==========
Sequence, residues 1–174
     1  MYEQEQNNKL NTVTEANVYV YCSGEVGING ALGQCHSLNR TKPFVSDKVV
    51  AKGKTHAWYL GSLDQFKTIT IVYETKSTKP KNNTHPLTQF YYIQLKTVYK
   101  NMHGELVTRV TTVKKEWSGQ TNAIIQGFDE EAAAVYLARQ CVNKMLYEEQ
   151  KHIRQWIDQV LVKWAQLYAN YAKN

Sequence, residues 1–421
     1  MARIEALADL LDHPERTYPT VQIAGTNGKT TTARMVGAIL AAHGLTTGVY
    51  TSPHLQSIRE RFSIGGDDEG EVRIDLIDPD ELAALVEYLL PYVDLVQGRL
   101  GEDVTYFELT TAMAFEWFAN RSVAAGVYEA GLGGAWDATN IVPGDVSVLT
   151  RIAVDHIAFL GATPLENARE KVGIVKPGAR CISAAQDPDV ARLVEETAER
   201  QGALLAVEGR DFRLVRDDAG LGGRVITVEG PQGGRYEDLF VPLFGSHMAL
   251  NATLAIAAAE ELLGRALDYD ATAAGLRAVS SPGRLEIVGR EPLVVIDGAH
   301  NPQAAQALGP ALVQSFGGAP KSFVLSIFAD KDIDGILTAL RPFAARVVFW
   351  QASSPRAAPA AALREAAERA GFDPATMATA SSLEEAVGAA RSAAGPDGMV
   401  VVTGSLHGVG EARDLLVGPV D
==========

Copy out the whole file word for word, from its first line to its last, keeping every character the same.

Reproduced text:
Sequence, residues 1–174
     1  MYEQEQNNKL NTVTEANVYV YCSGEVGING ALGQCHSLNR TKPFVSDKVV
    51  AKGKTHAWYL GSLDQFKTIT IVYETKSTKP KNNTHPLTQF YYIQLKTVYK
   101  NMHGELVTRV TTVKKEWSGQ TNAIIQGFDE EAAAVYLARQ CVNKMLYEEQ
   151  KHIRQWIDQV LVKWAQLYAN YAKN

Sequence, residues 1–421
     1  MARIEALADL LDHPERTYPT VQIAGTNGKT TTARMVGAIL AAHGLTTGVY
    51  TSPHLQSIRE RFSIGGDDEG EVRIDLIDPD ELAALVEYLL PYVDLVQGRL
   101  GEDVTYFELT TAMAFEWFAN RSVAAGVYEA GLGGAWDATN IVPGDVSVLT
   151  RIAVDHIAFL GATPLENARE KVGIVKPGAR CISAAQDPDV ARLVEETAER
   201  QGALLAVEGR DFRLVRDDAG LGGRVITVEG PQGGRYEDLF VPLFGSHMAL
   251  NATLAIAAAE ELLGRALDYD ATAAGLRAVS SPGRLEIVGR EPLVVIDGAH
   301  NPQAAQALGP ALVQSFGGAP KSFVLSIFAD KDIDGILTAL RPFAARVVFW
   351  QASSPRAAPA AALREAAERA GFDPATMATA SSLEEAVGAA RSAAGPDGMV
   401  VVTGSLHGVG EARDLLVGPV D